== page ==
What Is Religion?


Religion is a broad category of human beliefs and practices. It includes belief in a god or gods, the supernatural, and the spiritual, as well as codes of behavior and moral values. It also includes the rituals and ceremonies that surround these beliefs, such as prayer and worship. Almost half of the world’s people identify with one of the five major religions. The other half follow smaller religions ranging from Rastafarianism and Scientology to Hinduism, Buddhism, and Confucianism.

Many scholars have studied religion in various disciplines. For example, psychologists have interpreted religion in terms of its effects on the emotions and life of believers; sociologists and social anthropologists study religious institutions; and historians look at religious history.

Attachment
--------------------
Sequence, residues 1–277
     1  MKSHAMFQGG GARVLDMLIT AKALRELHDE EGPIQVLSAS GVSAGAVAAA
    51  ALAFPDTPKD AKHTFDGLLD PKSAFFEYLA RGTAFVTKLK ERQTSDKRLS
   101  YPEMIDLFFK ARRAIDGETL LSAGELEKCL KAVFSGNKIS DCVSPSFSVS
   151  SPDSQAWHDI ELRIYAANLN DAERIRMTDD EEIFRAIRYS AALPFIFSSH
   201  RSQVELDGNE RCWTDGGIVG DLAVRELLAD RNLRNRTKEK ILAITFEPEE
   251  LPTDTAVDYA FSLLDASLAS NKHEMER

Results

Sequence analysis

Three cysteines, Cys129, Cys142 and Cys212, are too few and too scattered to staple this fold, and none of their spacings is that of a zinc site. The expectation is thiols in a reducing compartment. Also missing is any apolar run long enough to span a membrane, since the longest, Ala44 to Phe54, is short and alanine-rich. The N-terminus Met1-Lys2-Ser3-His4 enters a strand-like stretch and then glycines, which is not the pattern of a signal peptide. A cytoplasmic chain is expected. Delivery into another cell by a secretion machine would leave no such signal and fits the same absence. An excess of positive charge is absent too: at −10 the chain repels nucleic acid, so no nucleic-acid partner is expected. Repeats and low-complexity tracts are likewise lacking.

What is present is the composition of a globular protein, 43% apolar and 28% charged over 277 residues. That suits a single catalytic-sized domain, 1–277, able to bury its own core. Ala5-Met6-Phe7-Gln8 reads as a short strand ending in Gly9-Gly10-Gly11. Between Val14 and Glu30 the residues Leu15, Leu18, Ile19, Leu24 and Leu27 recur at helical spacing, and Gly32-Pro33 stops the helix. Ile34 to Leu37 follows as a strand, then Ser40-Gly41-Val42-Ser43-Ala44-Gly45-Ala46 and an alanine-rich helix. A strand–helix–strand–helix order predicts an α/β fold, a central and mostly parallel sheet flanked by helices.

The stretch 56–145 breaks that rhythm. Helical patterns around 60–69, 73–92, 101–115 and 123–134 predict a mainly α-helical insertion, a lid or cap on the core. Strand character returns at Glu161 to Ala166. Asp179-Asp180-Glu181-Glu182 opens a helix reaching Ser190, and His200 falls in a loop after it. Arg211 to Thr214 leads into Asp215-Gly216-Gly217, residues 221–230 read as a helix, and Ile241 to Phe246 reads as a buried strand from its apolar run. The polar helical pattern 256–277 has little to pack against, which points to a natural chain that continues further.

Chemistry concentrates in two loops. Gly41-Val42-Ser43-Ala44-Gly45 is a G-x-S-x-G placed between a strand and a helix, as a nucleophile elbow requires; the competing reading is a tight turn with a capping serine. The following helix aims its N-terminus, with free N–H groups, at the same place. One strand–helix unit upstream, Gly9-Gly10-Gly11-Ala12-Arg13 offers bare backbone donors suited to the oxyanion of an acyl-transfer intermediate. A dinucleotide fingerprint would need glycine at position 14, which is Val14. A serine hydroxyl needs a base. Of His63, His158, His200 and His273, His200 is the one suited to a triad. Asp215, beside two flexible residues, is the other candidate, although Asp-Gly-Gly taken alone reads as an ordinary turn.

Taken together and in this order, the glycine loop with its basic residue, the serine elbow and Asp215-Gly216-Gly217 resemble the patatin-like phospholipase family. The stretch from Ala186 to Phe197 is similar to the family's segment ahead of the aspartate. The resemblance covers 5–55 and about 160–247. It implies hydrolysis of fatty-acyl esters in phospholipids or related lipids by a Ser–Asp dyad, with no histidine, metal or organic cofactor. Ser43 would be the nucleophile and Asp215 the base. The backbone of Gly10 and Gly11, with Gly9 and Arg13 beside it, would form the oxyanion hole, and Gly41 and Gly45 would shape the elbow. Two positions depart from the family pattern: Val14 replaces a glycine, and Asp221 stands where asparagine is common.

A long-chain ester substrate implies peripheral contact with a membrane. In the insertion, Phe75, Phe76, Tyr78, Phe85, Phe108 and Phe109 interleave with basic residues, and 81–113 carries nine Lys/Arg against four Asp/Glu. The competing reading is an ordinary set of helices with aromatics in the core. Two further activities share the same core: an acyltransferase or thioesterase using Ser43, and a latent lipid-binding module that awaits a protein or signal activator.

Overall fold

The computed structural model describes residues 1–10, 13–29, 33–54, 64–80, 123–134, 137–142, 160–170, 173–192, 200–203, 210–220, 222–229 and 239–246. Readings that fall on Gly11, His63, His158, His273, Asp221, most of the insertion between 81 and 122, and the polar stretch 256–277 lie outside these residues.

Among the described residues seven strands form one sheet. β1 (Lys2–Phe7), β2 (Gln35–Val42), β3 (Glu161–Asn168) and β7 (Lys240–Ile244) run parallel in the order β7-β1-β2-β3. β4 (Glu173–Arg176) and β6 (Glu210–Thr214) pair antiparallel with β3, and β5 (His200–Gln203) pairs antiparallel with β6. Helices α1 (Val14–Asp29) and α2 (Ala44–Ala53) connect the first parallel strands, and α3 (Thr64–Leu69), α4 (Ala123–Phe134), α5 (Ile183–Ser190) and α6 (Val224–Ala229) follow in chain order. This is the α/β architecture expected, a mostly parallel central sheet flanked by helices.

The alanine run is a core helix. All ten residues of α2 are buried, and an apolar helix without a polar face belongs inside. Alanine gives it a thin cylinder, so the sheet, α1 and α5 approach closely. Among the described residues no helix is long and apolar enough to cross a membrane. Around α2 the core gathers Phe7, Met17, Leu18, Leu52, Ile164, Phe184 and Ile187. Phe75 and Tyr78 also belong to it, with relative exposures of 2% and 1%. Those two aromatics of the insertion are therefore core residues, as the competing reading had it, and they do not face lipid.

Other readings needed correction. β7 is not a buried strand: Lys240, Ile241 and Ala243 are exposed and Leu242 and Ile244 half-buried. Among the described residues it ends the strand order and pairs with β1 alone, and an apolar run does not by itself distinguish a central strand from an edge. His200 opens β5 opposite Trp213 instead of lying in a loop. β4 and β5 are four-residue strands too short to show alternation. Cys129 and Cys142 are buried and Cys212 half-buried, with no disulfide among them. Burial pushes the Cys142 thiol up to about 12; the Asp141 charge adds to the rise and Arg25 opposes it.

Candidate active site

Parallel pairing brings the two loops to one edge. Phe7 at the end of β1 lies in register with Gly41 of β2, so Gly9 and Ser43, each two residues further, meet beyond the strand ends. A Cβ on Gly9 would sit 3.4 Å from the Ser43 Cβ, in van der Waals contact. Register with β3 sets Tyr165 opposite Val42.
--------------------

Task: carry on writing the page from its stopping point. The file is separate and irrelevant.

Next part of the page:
It is common to work with open polythetic models when studying any concept, but it is also possible to take a closed or monothetic approach for the sake of clarity and focus. For example, some scholars use Durkheim’s definition of religion, which turns on its function of creating solidarity; others, such as Paul Tillich, define it based on its axiological functions, such as providing orientation in life.

Early religion developed as a way for humans to try to control uncontrollable parts of the environment, such as the weather and fertility. Anthropologists believe that early religion tried to accomplish this through magic, which attempted to manipulate the environment directly, or supplication by appealing to supernatural powers, such as gods. In later times, special deities were attributed to natural forces and to ancestors or totem animals, objects, or buildings that unified clans.